It is noteworthy that the positions are not contradictory but complementary (Bernhardt, 1994; Ortoll et al., 2010; Prescott, 1999; Choo, 2002; Lesea, 2006; Arroyo, 2005; Martinet et Marti, 1995; Escorsa et Maspons, 2001; Ashton et Stacey, 1995). Competitive intelligence is a dynamic strategic tool for the survival and growth of the present companies. From the theoretical studies, different phases have been proposed. The need of some logical phases lays in the interest of formalizing and systematizing the Cl process (Bernhardt, 1999).

On this basis, the proposed Cl is formed by five phases (Figure 1): Planning of resources and activities; Collection and validation of ¡nformation; Analysis and dissemination of intelligence; Using the results; and Evaluation of process performance.

We will briefly revise these phases:

Figure 1. Competitive Intelligence Cycle of five phases

Souce: The author own

2.1.1. Planning of resources and activities

Companies need to plan the Cl activities bearing in mind the final aim. Sometimes planning needs legal ¡nformation, tax rate, etc. Others, it needs ¡nformation from competitors to know what they are and their activities in the sector.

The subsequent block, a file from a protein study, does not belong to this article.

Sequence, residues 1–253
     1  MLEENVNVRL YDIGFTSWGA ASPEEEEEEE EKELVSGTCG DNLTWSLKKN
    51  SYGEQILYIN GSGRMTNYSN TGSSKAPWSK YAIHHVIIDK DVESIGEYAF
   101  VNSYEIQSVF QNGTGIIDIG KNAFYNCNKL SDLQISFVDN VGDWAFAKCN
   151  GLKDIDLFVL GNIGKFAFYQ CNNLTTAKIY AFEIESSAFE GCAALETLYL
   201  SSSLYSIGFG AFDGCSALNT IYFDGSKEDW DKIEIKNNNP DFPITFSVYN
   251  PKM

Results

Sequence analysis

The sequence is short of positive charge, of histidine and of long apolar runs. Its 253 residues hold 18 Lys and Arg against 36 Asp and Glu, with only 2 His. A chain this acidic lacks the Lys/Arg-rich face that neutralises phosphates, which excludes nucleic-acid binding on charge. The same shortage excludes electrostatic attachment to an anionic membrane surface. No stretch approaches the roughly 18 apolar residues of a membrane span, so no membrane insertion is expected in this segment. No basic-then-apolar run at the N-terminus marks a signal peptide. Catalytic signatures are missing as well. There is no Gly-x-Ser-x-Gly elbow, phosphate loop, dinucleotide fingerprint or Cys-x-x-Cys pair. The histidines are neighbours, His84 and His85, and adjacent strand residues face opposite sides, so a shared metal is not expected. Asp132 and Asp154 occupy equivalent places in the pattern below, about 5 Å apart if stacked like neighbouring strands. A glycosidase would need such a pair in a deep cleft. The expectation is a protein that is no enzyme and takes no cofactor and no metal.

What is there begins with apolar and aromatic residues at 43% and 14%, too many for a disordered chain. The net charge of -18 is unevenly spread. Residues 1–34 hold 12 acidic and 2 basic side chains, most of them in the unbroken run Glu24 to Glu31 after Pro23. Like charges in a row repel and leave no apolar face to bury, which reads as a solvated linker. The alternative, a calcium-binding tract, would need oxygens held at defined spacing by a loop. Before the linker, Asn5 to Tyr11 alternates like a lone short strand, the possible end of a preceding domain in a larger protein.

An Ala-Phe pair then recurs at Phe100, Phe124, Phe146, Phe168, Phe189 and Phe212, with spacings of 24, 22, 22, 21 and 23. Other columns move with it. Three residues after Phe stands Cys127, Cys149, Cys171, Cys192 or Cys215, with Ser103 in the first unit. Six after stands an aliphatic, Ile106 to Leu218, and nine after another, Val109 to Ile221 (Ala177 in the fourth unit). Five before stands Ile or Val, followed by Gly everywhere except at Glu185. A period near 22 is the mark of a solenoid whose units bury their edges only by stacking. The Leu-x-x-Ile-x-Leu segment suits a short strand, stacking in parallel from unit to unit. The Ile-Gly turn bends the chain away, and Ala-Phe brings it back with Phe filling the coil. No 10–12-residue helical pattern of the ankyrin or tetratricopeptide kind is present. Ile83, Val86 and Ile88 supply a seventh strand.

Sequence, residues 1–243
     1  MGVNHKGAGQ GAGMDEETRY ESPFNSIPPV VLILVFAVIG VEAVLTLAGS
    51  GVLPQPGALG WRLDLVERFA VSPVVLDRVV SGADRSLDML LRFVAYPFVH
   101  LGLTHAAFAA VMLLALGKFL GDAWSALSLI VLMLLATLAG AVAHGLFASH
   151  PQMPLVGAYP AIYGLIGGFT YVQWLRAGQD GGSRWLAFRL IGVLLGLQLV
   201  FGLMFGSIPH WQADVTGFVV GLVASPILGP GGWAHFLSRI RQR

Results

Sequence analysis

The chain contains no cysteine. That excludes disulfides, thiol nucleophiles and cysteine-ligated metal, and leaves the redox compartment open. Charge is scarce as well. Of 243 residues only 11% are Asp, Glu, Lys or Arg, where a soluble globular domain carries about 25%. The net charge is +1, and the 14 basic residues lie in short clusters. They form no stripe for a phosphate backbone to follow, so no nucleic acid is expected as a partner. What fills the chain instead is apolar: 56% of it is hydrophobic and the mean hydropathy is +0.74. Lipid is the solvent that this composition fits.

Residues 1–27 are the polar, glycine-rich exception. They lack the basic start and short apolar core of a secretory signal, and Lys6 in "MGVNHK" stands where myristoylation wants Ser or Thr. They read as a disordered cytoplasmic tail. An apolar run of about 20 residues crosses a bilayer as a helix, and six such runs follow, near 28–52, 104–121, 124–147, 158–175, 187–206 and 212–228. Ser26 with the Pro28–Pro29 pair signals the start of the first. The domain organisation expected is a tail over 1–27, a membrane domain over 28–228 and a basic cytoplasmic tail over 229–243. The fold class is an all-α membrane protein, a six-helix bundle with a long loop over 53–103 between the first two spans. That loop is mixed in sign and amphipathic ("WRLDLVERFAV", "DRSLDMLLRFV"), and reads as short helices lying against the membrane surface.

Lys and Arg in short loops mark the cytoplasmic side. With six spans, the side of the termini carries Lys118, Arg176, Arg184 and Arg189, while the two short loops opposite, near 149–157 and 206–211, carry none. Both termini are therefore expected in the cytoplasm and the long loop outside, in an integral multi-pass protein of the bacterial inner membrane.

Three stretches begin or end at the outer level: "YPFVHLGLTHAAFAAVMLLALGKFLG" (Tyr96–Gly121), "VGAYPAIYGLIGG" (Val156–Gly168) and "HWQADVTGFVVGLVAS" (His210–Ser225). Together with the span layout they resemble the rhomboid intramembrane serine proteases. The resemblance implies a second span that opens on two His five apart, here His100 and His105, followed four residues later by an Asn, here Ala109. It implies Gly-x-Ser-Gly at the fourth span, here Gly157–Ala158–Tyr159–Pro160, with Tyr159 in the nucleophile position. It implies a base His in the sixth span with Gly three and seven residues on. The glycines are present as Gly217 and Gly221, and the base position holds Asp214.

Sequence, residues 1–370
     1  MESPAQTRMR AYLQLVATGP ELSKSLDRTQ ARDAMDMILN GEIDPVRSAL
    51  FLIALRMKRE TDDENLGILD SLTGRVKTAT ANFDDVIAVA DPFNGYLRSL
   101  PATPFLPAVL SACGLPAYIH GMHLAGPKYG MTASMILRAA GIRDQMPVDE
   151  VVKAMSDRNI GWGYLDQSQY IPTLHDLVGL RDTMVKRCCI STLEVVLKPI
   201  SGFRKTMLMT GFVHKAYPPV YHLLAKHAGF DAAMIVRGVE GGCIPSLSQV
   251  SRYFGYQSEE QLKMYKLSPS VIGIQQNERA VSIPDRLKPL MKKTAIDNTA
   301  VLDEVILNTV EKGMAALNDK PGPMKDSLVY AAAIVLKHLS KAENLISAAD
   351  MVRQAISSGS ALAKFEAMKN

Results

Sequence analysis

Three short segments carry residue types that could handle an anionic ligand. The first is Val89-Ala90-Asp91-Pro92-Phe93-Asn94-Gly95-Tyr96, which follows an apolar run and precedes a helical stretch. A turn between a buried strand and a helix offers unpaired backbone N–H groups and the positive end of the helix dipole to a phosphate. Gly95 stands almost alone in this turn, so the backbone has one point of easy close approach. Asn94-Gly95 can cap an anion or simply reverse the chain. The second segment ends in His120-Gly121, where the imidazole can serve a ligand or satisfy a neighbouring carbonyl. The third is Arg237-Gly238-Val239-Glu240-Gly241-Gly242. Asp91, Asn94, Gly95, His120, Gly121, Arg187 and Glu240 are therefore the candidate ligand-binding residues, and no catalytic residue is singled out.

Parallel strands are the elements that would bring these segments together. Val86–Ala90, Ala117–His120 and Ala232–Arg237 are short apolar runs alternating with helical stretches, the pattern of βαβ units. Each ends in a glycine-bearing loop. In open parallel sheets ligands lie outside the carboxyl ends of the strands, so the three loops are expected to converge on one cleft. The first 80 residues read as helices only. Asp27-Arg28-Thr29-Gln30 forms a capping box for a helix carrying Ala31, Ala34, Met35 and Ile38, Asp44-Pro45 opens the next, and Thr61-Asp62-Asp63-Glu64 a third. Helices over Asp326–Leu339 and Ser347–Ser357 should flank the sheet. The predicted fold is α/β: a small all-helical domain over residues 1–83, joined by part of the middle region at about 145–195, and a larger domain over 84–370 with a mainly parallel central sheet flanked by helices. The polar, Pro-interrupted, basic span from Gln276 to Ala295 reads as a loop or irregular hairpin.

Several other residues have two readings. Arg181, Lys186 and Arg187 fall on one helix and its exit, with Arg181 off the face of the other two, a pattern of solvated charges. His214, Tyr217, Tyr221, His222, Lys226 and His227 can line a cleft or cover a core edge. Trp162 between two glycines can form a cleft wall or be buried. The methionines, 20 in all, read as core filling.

In other occasions the priority is in the ¡nformation on market changes, produets and processes, etc.

2.1.2. Collection and validation of ¡nformation

At this stage of Cl companies evalúate where and under what conditions gather the necessary ¡nformation to fulfill their need.

Therefore, it is mandatory to know the sources of such ¡nformation (internal, external, prívate, public, structured, unstructured, etc.) It is also important to know the existence of controls, validation and verification of sources and ¡nformation.

2.1.3. Analysis and dissemination of intelligence

At this stage of the process the tools used for data analysis, analysis and control ofboth the ¡nformation storage and the needed and generated, are of great importance.

The different ways to broadeast or disseminate the intelligence generated in the organization can be carried out by taking into account individuáis or specific group departments (marketing, R&D&I, sales network, general management, etc.), users subsidiarles or from within the organization.

It is also important to know the kind of dissemination that is carried out from the media's point of view (meetings, intranet or other).

2.1.4. Using the results